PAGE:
Looking good at 100
This week marks the 100th edition of Alger On the Money, a program that strives to offer valuable insights and education to our clients. In honor of this milestone, we look back on a century of U.S. earnings growth and the stock market returns it has driven.
• At Alger we are fond of Benjamin Graham’s remark, “In the short run, the market is a voting machine but in the long run, it is a weighing machine.” In the chart above, the U.S. stock market has clearly weighed earnings by increasing in value right alongside earnings per share (EPS) over the past 100 years.
• The S&P 500 has returned approximately 10% annually over the past century. An investment of $1,000 in at the beginning of 1918 would be worth more than $20,000,000 as of the end of 2017. The question investors are asking today is what should they expect in the future? Alger considers starting P/E ratios to be the best predictor of equity market returns (see Alger On the Money “The Single Greatest Predictor of Future Stock Market Returns”), and if historical correlations between starting valuation and 10-year returns continues in the future, we estimate that annual S&P 500 returns for the next ten years would be approximately 7%, attractive relative to our view of prospective fixed income returns.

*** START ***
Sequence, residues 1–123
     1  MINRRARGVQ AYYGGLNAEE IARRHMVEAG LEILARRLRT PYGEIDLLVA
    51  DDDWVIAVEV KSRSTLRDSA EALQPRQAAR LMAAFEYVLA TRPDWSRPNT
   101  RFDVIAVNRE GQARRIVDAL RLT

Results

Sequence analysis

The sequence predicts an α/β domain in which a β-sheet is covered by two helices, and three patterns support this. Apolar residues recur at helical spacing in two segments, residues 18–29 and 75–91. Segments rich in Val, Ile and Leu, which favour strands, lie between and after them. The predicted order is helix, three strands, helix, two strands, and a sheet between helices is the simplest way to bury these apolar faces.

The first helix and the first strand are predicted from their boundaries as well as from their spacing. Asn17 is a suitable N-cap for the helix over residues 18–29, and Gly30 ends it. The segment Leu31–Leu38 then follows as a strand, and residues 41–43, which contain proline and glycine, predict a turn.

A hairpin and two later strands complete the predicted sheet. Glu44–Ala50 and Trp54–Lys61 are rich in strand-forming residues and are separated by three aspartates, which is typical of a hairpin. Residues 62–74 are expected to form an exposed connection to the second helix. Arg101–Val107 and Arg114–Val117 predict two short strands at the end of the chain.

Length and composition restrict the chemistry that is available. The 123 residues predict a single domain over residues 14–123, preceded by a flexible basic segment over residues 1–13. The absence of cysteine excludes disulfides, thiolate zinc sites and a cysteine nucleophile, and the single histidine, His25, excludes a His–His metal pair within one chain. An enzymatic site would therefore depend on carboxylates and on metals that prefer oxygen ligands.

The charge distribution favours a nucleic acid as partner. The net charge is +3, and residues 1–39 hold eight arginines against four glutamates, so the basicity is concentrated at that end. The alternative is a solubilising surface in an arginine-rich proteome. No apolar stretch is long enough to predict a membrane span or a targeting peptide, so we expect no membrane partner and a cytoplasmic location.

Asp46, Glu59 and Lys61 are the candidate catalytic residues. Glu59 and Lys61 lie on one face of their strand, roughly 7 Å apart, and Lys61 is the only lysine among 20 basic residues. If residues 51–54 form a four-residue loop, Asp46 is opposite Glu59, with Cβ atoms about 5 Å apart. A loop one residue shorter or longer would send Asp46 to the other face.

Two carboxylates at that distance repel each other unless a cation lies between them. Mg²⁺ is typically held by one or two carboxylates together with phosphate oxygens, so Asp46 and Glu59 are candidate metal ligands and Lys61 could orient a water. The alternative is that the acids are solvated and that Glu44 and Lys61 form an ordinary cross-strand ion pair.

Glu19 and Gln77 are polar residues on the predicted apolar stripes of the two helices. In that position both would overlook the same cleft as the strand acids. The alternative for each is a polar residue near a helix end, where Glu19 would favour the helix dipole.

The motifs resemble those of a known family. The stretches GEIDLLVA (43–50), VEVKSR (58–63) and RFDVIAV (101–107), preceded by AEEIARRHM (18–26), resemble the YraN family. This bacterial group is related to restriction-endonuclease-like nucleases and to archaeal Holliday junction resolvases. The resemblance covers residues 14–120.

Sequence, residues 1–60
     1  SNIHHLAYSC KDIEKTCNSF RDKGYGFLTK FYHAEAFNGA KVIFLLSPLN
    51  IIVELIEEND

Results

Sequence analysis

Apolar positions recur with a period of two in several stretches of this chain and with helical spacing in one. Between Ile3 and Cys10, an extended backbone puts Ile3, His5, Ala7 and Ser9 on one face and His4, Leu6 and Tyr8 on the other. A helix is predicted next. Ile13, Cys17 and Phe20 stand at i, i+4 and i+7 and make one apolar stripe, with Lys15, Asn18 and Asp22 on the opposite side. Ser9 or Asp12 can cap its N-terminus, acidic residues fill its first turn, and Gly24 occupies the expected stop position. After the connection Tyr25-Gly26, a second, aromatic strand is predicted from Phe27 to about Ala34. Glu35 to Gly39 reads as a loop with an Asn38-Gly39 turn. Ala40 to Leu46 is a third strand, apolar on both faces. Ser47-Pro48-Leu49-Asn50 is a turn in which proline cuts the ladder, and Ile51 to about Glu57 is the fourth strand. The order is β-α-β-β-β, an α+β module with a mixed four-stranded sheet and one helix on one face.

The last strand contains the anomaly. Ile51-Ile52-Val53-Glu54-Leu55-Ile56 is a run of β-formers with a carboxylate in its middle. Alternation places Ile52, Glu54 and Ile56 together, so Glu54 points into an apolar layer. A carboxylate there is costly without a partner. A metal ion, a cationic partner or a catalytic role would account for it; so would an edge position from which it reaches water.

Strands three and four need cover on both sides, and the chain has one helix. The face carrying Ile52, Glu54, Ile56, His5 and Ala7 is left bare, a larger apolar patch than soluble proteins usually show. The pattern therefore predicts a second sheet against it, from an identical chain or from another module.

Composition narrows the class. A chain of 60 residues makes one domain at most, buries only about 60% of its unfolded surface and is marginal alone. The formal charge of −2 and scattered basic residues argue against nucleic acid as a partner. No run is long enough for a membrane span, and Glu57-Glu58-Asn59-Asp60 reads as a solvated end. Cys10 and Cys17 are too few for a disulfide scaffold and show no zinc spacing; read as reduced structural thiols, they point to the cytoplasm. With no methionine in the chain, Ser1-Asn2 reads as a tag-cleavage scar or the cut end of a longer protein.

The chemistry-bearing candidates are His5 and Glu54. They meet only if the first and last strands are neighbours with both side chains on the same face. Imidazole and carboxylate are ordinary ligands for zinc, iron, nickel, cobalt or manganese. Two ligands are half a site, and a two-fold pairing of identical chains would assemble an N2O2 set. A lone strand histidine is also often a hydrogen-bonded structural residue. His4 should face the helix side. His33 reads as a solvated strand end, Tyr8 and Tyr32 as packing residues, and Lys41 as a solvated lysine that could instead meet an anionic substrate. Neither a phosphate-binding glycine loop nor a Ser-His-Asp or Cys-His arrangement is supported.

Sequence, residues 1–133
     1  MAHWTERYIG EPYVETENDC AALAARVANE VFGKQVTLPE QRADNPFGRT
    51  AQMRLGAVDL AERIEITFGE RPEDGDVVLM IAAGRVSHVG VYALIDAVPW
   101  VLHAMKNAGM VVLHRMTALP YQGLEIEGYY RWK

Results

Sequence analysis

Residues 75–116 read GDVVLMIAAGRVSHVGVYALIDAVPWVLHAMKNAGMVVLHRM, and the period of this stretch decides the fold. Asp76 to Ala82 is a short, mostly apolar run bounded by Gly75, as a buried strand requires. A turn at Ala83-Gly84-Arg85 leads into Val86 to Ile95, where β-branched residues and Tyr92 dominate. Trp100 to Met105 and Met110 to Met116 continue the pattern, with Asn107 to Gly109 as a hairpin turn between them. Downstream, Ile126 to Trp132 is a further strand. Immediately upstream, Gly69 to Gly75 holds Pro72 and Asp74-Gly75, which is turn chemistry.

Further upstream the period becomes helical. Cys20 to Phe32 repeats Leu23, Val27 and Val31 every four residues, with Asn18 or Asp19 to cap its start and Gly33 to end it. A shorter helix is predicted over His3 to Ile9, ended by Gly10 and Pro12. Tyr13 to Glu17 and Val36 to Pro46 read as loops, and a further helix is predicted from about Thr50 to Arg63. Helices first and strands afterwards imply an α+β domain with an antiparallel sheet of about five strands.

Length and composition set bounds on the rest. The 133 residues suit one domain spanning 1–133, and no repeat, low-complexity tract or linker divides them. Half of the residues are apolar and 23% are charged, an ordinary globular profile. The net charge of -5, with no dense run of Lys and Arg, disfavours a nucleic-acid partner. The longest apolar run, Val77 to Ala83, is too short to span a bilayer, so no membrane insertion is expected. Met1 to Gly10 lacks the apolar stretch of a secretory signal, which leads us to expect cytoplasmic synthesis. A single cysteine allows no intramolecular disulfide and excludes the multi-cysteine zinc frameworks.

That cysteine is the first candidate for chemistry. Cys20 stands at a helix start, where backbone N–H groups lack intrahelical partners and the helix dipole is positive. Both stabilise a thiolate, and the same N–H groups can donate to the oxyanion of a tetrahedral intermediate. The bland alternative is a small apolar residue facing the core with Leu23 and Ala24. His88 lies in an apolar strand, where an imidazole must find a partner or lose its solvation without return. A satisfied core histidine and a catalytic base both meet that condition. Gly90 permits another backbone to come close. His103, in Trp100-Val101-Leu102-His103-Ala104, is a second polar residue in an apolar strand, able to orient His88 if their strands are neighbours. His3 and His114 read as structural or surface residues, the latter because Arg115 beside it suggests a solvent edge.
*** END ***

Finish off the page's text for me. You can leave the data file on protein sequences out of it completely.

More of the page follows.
• Thank you for reading our weekly commentary; we hope you find it beneficial. Here is to the next 100 years of strong earnings and interesting, new editions of Alger On the Money.
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